Farewell to Tianyi
Although the holiday shopping season is still more than a month away, a Black Friday-esque shopping craze already swept the Tianyi Small Commodities Market, the largest of its kind in Beijing. Located near the West Second Ring Road in China’s capital, Tianyi is considered by many locals to offer “everything you need.”
Unfortunately, this was the final closing sale. Clearance sale signs were found everywhere in the market, and customers carrying bags and even suitcases picked the shelves bare. Their shopping enthusiasm couldn’t be cooled by the chilly air conditioners. Over the cries of peddlers and the noisy haggling, loudspeakers repeatedly announced that the Tianyi market would officially close on September 16, 2017.
To solve problems such as population pressure, air pollution, traffic congestion and surging housing prices, Beijing launched a campaign aiming to remove its “non-capital functions” in 2015. Given that wholesale markets like Tianyi attract a heavy concentration of traffic, people and cargo, they become key targets for removal or renovation. As of now, over 370 wholesale markets have been relocated out of Beijing. As early as the end of 2015, Tianyi closed its branch store in Di’anmen. In early July this year, dealers at the Tianyi Small Commodities Market received a notice that the 25-year-old market would be closed soon.
At 7:30 a.m. on September 15, 2017, 28-year-old security guard Ping Yu opened the gate of the Tianyi market as usual. Customers already waiting outside swarmed in immediately. According to Ping, customer traffic had increased substantially in recent days, peaking at 10 a.m. when drivers had to wait for as long as two hours to park in the market’s underground parking lot.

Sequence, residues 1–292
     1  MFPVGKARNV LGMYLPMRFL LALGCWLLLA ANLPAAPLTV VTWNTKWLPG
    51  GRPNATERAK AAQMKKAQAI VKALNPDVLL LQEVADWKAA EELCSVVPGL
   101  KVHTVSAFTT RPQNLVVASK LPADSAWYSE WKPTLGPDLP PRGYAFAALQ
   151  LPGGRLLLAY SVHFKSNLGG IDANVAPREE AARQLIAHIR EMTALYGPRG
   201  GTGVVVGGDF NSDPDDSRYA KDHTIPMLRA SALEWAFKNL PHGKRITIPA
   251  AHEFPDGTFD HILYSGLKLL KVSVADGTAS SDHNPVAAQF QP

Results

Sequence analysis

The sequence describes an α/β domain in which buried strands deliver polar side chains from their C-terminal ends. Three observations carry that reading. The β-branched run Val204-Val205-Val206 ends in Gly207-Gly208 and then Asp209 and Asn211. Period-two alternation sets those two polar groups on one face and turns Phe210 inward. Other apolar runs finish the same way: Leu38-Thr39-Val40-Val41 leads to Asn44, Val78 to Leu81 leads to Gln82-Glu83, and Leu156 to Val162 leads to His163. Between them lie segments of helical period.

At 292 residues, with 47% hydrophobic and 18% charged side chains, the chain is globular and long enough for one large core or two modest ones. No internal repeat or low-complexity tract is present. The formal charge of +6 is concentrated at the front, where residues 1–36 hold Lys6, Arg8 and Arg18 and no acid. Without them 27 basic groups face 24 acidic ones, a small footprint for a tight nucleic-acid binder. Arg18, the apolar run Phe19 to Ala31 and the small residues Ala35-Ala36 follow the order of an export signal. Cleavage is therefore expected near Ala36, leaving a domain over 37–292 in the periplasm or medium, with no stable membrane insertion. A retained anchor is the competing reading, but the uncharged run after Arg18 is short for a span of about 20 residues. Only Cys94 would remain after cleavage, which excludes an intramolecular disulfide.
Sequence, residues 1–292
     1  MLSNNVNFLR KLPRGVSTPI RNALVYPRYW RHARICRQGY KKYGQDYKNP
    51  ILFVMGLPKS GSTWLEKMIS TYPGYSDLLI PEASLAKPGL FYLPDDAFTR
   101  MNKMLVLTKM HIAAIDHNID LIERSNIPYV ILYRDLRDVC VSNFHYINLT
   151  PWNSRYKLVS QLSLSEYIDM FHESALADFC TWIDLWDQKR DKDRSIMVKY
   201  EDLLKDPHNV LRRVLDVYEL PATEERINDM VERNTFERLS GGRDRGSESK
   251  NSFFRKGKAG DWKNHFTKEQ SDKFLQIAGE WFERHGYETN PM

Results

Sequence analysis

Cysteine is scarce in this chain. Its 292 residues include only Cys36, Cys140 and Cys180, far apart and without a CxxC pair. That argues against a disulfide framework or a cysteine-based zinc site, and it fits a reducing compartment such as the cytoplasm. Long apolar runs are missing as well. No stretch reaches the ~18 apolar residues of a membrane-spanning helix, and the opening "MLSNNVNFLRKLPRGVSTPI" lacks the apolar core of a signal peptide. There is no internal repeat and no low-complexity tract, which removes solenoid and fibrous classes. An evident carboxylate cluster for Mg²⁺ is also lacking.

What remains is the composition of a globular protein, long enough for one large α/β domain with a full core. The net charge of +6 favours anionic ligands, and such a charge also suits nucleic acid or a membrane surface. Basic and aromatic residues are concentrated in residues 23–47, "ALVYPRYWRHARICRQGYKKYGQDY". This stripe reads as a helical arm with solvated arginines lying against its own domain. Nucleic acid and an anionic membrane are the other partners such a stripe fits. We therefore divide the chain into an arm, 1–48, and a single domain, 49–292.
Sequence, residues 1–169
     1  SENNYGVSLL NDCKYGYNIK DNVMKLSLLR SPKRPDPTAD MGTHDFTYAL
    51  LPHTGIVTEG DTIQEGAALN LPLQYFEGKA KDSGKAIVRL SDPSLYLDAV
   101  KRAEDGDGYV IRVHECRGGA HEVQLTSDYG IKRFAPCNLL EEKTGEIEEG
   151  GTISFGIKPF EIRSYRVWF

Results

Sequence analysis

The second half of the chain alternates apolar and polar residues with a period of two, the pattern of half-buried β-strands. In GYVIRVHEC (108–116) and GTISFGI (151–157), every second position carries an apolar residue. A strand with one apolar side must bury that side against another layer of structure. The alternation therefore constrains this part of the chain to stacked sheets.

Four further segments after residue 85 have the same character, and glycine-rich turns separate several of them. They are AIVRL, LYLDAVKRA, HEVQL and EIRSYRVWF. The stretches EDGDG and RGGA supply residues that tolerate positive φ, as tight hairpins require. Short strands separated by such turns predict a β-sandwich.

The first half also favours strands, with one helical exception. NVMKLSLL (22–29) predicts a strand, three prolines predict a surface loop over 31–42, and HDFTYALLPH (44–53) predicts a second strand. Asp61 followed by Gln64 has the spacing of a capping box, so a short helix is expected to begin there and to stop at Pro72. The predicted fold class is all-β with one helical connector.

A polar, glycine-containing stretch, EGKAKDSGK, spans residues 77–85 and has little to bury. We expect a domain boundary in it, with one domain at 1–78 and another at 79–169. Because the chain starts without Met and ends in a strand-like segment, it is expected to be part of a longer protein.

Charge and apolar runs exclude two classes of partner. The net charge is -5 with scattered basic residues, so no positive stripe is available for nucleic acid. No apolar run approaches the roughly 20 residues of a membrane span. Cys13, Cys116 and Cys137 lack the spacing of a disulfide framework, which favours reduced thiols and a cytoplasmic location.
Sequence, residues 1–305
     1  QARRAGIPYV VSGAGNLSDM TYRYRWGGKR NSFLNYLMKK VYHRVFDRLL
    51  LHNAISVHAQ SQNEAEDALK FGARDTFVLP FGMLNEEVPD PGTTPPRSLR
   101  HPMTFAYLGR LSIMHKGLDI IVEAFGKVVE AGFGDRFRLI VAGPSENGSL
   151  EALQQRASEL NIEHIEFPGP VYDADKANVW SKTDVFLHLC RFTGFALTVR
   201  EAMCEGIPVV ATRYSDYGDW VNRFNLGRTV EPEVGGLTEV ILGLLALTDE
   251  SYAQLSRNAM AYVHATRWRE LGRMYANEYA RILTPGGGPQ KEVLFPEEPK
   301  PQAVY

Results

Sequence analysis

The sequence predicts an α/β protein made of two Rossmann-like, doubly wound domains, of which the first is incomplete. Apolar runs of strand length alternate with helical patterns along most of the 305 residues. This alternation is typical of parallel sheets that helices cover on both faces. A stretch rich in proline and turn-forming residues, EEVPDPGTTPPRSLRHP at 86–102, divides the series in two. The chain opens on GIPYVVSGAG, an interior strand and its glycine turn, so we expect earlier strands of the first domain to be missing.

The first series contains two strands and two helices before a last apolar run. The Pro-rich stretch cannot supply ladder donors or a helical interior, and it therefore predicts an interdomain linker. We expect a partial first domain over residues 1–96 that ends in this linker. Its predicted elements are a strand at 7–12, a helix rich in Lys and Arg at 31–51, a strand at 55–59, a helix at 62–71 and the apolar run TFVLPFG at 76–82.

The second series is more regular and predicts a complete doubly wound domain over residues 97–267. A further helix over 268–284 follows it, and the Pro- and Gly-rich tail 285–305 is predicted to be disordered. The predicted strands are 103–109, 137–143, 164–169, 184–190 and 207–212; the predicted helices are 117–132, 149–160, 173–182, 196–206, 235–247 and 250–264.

Four years ago, Ping moved to Beijing from his hometown in Shanxi Province. He joined the security guard team in the city’s Xicheng District, and had worked at the Tianyi market ever since. His duties also included giving customers directions and helping them find lost companions. In the last few days before the market closed, many long-time customers asked to take a picture with him. “The market will be gone forever, so many want to keep it in their memories with photos,” Ping explained.
The largest small commodities wholesale and retail market in Beijing, Tianyi consisted of three buildings with business space totaling 41,400 square meters, equal to nearly six soccer fields. The market concentrated some 1,900 dealers that offered more than 130,000 kinds of commodities, ranging from clothes, gifts and stationery to household appliances and cosmetics.
Li Ying, 65, squeezed through the crowd to get to her husband, Xie Kai, who carried a selfie stick. She showed him a brown haversack she had just bought for 25 yuan (US$3.8). Li was a frequent customer of Tianyi, and the amber necklace, bracelet and earrings she wore had also been bought there.
“I often spend the whole morning shopping here,” Li grinned. “At lunchtime, I’d eat a plate of dumplings at a nearby restaurant. What a great life!” After the closure of the market, she’d particularly miss the cartoon and animal sculptures in the square. Despite decades of weathering, the iconic decorations never faded.
A group of customers sat resting behind the person-sized sculptures of the 12 zodiac animals. Adjacent to the sculptures was a stall selling silk scarves, with the merchant shouting from atop a stool, “Five yuan each! All of them!”
The shopping craze lasted until the market closed at 6:30 p.m. At that moment, many crowded at the entrance and pointed their cell phones at the hanging electronic clock to capture the moment. The song “Unforgettable Night,” the farewell song of every year’s Spring Festival Gala, reverberated through the air.